Integrity: Some People Just Don't Have It

For The Love Of The Game. It's a great movie and sends a message that is often overlooked. In today's game, what players are supposed to do isn't how it always works. The love and respect for the game can become secondary when today's players consider the money. Integrity seems to be lost.

Two headlines caught my attention lately; "Boone injures knee playing basketball, could miss '04 season" and "Mets say Mo Vaughn not retired."

Last summer, the New York Yankees traded top pitching prospect, Brad Claussen to the Cincinnati Reds in exchange for Aaron Boone, solid hitting third baseman and son of former Phillie catcher Bob. The trade was made necessary due to multi-million dollar prospect Drew Henson's failure to develop into a big leaguer. In December, Boone signed a one year $5.75 million contract that forbade him from playing basketball. Due to the injury's nature, the Yanks can void his contract for just a little less than a million dollars. That's a lot of money to pay a man whose blatant disregard of the rules he agreed to has now forced his team to scramble for a replacement. With just 18 days until pitchers and catchers report for spring training that's a tall order, even for Brian Cashman. Sadly enough, we have to give a nod to young Aaron for walking the line between integrity and the middle ground. At least he told the truth.

Two years ago, then-Giant second bagger Jeff Kent broke his wrist doing wheelies on a motorcycle and missed the first week of the season. According to his contract he shouldn't have been within a ballpark of a motorcycle much less on one. Far less interested in setting a good example to the youth of the nation, Mister Kent lied and claimed the injury occurred while washing his truck. Pity a fan with a camcorder caught his Evil Knievel routine on tape.

About the contracts, a source close to the Yankees was quoted as saying "you give up a normal lifestyle, but you agree to it when you sign."

Which brings me to "Mets say Mo Vaughn not retired." I need to know how this man looks in the mirror each morning. Since signing a four year $80 million contract in 1999, he's only played in parts of two seasons and will not play again, a point made clear in Sunday's Boston Globe with Vaughn quoted as saying "I'm through man. My career is over." But there's a hitch; he won't retire. That's because all he has to do is sit on the DL and collect $15 million for this year and a $2 million buyout for 2005. By then he will have made over $60 million on the DL.

Reminds me of Albert Belle. Remember him? Would it surprise you to know that he became a free agent this year? Even though he hasn't played since 2000, the five-year $65 million contract he signed with the Baltimore Orioles back in 1999 just expired. Why else do you think the Orioles finally had the money to go after free agents this off-season?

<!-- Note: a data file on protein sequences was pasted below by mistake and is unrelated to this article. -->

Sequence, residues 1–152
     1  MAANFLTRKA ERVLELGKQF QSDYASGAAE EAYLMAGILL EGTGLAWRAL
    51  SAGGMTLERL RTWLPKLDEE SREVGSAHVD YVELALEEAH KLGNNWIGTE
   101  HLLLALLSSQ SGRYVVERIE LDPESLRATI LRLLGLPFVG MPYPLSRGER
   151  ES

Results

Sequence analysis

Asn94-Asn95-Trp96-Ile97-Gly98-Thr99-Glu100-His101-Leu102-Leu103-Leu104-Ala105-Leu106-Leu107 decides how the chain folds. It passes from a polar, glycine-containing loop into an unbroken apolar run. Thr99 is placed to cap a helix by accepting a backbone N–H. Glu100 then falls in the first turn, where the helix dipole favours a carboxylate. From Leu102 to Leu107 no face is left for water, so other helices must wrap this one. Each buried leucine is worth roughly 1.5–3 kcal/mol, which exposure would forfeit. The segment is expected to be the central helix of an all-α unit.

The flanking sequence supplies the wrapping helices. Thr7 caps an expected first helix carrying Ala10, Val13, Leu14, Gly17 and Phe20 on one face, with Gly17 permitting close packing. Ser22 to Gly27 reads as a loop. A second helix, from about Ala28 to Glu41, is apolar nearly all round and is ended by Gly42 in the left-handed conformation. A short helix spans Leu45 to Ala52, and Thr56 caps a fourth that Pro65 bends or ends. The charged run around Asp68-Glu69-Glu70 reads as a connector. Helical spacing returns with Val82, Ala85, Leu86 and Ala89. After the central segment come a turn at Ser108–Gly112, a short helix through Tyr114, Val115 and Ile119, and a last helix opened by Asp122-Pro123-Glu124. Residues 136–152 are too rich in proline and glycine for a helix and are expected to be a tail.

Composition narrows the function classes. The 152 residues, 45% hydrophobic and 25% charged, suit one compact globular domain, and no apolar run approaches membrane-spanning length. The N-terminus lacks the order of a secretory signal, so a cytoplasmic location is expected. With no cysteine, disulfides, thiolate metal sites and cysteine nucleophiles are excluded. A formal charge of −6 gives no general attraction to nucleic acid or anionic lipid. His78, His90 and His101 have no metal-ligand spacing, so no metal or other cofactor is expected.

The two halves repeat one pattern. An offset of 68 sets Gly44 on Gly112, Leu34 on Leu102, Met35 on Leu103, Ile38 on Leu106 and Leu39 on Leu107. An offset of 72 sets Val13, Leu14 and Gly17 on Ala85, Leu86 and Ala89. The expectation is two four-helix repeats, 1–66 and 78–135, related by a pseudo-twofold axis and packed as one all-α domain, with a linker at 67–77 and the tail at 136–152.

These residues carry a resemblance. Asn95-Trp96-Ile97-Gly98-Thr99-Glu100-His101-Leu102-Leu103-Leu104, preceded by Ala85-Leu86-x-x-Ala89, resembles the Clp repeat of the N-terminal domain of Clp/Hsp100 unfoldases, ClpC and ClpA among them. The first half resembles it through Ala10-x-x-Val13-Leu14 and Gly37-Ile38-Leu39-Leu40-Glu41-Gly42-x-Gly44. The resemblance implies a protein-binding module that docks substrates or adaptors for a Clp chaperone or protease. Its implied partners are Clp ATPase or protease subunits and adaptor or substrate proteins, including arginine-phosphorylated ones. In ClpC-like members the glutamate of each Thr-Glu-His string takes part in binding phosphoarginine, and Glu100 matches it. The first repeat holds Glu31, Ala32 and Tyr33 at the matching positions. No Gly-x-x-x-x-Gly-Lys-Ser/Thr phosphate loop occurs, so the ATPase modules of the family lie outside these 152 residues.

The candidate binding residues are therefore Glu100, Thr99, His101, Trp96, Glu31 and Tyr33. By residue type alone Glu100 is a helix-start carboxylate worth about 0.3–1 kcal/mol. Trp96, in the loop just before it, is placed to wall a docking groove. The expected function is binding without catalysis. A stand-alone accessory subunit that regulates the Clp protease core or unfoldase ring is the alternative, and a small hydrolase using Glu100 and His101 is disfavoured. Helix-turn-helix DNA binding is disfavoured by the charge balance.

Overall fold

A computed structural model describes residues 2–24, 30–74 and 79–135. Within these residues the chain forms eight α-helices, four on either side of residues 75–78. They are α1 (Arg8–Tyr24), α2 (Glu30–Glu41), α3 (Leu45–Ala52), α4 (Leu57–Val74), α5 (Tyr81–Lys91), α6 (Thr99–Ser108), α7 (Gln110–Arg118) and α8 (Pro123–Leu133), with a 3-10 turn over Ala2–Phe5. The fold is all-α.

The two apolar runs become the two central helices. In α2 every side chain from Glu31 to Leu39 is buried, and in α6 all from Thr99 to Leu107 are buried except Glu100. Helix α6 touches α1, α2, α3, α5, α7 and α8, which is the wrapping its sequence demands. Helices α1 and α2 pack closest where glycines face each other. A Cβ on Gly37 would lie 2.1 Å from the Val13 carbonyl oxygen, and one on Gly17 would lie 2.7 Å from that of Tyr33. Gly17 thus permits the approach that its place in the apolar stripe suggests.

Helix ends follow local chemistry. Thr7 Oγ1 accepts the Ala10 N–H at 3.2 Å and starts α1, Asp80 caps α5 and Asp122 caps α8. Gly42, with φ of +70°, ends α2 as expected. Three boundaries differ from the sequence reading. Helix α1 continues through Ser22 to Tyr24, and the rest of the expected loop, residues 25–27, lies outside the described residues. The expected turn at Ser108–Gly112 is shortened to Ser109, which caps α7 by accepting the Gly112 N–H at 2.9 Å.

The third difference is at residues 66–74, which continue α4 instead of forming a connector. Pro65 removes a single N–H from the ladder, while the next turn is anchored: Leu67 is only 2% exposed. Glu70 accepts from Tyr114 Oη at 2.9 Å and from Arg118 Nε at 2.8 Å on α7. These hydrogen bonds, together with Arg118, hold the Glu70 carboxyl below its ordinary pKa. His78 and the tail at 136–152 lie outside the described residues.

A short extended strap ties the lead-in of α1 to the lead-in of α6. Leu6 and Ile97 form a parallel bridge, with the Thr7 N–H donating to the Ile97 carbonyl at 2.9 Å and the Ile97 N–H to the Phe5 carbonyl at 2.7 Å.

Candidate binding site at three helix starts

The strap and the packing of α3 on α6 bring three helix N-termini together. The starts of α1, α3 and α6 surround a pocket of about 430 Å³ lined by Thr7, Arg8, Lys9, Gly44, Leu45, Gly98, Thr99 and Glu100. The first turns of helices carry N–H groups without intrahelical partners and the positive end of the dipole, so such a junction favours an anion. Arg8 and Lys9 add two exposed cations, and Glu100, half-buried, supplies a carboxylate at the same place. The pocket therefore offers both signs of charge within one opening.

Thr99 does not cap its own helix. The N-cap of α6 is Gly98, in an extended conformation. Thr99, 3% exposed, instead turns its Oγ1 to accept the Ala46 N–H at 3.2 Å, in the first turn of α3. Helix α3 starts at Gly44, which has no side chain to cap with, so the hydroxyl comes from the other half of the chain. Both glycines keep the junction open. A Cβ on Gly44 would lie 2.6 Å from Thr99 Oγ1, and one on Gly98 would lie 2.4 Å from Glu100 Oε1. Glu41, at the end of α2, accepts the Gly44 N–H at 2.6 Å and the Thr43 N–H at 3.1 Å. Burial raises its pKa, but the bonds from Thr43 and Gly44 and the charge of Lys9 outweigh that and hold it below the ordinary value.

It's sad when men who've already earned millions playing a boy's game continue to milk the system years after their playing days are through. I can't speak for you, but I think I could live the rest of my life pretty comfortably off the interest on the millions Vaughn legitimately earned while actually playing the game. The Mets get compensated for 75 % of the loss through insurance, but somewhere down the line somebody pays for all of this waste… and it's you and me, the one's who buy tickets to the games.

Back in the 80's a woman I was close to claimed to have grown up next door to a girl named the Callison. Her father's name was Johnny and he sold cars, his wife worked at a diner. That would be the same Johnny Callisson, who while playing for the Philadelphia Phillies finished second in MVP voting in 1964. There's something terribly inequitable about this, that Callison never made enough as a player to retire when his baseball days were through, while players like Albert Belle and Mo Vaughn continue to collect fortunes without ever taking the field.

Phillies fans need to keep all this in mind while salivating over the huge long-term contracts the club has handed out the last couple of years. While I believe it was money well spent, the truth is David Bell may not overcome his back injury, Pat Burrell may not turn it around and there may come a day before his contract expires when Jim Thome can no longer answer the bell. The Phils were wise to give the big money to high character players, the kind of guys that might take a cue from Mike Schmidt and simply walk away from the money and the game. One never knows.

One thing is clear though; there must be an answer somewhere between integrity and the middle ground. Unfortunately for players like Kent, Vaughn and Belle the line was forgotten long ago.

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